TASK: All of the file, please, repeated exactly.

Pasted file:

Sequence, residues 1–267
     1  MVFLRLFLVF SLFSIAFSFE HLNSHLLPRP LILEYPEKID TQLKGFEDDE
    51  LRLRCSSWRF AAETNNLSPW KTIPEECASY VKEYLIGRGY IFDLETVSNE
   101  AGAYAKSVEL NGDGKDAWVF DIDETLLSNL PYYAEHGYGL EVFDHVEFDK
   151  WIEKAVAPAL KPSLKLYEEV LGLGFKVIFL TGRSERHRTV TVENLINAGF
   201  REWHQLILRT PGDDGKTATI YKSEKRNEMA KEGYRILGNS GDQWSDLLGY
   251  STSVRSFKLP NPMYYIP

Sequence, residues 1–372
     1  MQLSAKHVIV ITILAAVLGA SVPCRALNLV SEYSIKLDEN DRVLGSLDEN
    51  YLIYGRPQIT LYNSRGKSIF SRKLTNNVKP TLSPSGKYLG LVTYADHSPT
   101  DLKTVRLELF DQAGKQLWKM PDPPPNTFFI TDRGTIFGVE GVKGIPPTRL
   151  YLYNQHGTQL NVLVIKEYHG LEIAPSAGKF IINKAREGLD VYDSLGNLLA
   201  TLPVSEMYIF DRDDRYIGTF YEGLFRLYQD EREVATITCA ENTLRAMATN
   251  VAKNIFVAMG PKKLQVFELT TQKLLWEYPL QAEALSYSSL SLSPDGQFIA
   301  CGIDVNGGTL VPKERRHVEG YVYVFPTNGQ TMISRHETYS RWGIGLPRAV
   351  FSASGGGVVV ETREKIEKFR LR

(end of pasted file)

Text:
Sequence, residues 1–267
     1  MVFLRLFLVF SLFSIAFSFE HLNSHLLPRP LILEYPEKID TQLKGFEDDE
    51  LRLRCSSWRF AAETNNLSPW KTIPEECASY VKEYLIGRGY IFDLETVSNE
   101  AGAYAKSVEL NGDGKDAWVF DIDETLLSNL PYYAEHGYGL EVFDHVEFDK
   151  WIEKAVAPAL KPSLKLYEEV LGLGFKVIFL TGRSERHRTV TVENLINAGF
   201  REWHQLILRT PGDDGKTATI YKSEKRNEMA KEGYRILGNS GDQWSDLLGY
   251  STSVRSFKLP NPMYYIP

Sequence, residues 1–372
     1  MQLSAKHVIV ITILAAVLGA SVPCRALNLV SEYSIKLDEN DRVLGSLDEN
    51  YLIYGRPQIT LYNSRGKSIF SRKLTNNVKP TLSPSGKYLG LVTYADHSPT
   101  DLKTVRLELF DQAGKQLWKM PDPPPNTFFI TDRGTIFGVE GVKGIPPTRL
   151  YLYNQHGTQL NVLVIKEYHG LEIAPSAGKF IINKAREGLD VYDSLGNLLA
   201  TLPVSEMYIF DRDDRYIGTF YEGLFRLYQD EREVATITCA ENTLRAMATN
   251  VAKNIFVAMG PKKLQVFELT TQKLLWEYPL QAEALSYSSL SLSPDGQFIA
   301  CGIDVNGGTL VPKERRHVEG YVYVFPTNGQ TMISRHETYS RWGIGLPRAV
   351  FSASGGGVVV ETREKIEKFR LR